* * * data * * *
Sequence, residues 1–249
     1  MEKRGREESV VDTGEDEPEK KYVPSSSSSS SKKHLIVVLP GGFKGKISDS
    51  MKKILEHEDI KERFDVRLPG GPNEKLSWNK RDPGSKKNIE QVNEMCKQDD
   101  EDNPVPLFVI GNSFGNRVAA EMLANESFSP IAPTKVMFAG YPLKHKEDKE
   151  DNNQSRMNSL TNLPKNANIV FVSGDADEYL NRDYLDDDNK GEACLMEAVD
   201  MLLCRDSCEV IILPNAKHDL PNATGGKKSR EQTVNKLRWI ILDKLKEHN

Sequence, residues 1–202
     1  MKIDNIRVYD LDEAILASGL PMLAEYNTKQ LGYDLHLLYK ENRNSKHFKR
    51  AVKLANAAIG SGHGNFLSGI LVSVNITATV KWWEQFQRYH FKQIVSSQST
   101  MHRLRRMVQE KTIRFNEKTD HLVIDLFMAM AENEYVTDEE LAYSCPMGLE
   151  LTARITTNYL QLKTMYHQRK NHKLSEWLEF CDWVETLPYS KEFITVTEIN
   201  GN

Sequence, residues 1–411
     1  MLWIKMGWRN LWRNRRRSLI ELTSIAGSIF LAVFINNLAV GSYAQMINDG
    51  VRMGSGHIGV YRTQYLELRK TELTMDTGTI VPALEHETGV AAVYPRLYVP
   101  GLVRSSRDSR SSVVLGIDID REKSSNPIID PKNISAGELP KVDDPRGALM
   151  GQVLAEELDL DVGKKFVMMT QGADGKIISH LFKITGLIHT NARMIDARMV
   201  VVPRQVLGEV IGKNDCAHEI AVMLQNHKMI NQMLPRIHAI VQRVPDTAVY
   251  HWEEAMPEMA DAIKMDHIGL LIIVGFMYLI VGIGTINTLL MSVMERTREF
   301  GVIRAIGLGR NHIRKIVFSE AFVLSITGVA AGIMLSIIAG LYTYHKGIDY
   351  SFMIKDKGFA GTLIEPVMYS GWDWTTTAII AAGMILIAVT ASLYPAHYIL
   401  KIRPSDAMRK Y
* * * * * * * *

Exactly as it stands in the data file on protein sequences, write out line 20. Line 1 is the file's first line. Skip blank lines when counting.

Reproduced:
   301  GVIRAIGLGR NHIRKIVFSE AFVLSITGVA AGIMLSIIAG LYTYHKGIDY